Are you trying yet to implement Hick's statement on page 51? "We are called to worship God as phallic kinds of guys, not as some sort of androgynous, neutered non-males, or the feminized males so popular in many feminist enlightened churches. We are told by God to worship Him in accordance to what we are - phallic men."

This is growth for men? When did the apostles even remotely encourage anything like this? I could give you countless other examples of this kind out of Hicks book but I don't need to.

What were you thinking this book would offer when you promoted it? Was there some particular emphasis in this book that you thought would help men spiritually? Maybe you see the need for initiation rites as Hicks advocates in his accompanying workbook under the section, "Exploring the Issues with other Men":

"Our culture has presented many initiation rites or passages to manhood that are associated with the phallus. Which ones have you experienced? Do you have a story to share with other men about one such event?"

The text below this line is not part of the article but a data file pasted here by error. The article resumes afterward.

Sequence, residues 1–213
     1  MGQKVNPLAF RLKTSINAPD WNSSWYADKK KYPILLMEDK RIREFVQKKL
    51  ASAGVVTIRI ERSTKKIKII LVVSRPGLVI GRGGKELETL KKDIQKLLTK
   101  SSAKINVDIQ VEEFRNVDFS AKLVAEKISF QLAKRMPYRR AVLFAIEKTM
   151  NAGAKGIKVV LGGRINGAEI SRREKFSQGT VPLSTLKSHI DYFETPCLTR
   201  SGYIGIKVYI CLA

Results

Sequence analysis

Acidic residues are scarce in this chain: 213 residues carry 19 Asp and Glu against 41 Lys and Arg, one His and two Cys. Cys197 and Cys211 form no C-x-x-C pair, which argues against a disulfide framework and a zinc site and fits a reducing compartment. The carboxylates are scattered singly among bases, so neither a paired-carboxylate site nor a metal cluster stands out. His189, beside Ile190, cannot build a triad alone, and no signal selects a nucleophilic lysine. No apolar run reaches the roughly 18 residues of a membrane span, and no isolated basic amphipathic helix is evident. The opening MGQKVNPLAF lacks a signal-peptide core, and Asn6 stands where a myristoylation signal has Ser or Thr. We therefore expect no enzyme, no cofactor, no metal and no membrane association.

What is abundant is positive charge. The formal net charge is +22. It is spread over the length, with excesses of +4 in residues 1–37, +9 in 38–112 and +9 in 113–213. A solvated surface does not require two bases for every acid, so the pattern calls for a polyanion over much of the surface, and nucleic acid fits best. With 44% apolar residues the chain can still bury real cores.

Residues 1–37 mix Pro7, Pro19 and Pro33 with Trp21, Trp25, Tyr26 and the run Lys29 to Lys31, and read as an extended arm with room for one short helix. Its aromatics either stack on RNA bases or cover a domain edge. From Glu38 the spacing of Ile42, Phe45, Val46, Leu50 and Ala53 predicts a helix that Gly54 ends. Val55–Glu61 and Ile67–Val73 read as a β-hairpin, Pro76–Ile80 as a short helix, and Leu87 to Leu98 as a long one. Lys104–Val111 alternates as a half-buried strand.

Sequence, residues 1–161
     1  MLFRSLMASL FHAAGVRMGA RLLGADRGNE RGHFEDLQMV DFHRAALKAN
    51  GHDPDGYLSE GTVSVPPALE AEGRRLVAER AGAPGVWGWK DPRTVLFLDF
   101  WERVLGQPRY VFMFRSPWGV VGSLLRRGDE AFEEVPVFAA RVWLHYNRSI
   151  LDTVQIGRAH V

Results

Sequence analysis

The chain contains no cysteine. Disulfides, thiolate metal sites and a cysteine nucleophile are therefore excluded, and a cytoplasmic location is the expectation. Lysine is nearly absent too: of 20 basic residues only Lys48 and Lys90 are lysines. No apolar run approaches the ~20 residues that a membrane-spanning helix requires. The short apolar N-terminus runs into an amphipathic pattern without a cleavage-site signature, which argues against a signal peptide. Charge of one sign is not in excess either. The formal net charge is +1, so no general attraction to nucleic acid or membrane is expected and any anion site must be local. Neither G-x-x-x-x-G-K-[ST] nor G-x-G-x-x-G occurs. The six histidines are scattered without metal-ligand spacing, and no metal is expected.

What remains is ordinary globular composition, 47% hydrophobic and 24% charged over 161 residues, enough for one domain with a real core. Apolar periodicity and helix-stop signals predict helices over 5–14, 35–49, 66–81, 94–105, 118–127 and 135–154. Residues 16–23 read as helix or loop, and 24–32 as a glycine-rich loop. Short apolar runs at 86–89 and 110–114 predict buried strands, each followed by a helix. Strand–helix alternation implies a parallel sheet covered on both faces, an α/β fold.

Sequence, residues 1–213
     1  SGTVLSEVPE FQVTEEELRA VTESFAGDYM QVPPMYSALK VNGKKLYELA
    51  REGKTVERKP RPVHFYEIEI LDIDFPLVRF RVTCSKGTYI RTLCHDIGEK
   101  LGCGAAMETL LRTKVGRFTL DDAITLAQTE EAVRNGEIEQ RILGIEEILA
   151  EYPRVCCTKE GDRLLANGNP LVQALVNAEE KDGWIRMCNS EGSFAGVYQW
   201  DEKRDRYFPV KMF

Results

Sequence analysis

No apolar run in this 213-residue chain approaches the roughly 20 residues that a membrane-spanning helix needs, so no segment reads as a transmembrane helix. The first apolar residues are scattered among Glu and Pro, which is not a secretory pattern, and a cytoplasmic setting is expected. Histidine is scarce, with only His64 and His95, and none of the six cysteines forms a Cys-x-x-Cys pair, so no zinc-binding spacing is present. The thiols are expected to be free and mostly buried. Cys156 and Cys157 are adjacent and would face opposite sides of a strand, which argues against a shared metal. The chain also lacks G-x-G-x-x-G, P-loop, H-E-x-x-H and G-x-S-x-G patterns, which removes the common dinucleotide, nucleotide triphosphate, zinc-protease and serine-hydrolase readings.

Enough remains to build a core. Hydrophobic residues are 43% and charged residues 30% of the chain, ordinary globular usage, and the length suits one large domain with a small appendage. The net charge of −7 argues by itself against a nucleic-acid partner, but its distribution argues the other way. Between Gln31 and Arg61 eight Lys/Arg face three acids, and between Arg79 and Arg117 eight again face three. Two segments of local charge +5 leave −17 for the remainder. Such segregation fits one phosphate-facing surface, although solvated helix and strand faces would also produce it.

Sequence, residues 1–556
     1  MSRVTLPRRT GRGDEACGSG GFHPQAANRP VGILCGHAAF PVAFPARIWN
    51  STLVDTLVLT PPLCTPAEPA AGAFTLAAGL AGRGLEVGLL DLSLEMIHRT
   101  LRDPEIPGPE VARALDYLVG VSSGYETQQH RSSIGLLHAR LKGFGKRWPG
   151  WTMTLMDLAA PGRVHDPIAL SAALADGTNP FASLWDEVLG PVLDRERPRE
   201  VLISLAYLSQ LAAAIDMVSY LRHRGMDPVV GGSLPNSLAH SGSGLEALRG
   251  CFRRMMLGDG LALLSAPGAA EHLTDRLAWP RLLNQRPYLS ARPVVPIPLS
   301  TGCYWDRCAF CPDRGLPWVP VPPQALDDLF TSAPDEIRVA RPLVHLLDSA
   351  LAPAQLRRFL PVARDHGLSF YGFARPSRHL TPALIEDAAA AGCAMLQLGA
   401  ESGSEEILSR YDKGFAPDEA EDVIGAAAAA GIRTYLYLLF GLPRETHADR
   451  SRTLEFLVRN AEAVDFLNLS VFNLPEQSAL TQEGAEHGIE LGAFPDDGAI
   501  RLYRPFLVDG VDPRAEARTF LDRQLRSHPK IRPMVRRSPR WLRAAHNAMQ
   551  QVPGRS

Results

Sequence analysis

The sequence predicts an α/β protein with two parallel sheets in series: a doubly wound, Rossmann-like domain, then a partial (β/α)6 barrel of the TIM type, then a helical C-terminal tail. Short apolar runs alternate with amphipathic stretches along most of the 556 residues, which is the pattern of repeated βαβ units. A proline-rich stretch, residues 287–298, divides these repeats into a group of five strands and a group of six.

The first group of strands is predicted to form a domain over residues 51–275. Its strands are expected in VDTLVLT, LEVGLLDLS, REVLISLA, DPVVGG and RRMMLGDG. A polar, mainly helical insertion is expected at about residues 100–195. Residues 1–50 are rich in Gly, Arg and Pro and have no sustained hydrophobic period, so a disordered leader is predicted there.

Do you lament, as Hicks does, that the church doesn't offer any alternative initiation rites, such as circumcision? In his "Masculine Journey", which P.K. promotes, Hicks teaches us that somehow or other we should celebrate the different passages of a young man's life - such as his first drunk or sexual experience (p. 177):

"I'm sure many would balk at my thought of celebrating the experience of sin. I'm not sure how we could do it. But I do know we need to do it. For example, we usually give the teenagers in our churches such a massive dose of condemnation regarding their first experiences with sin that I sometimes wonder how any of them recover. Maybe we could take a different approach. Instead of jumping all over them when they have their first experience with sex or drugs, we could look upon this as a teachable moment and a rite of passage. Is this putting a benediction on sin? Of course not, but perhaps at this point the true elders could come forward and confess their own adolescent sins and congratulate the next generation for being human. Then they could move on to all the important issues of forgiveness and restoration, but this time on common ground, with the young person as a fellow sinner!"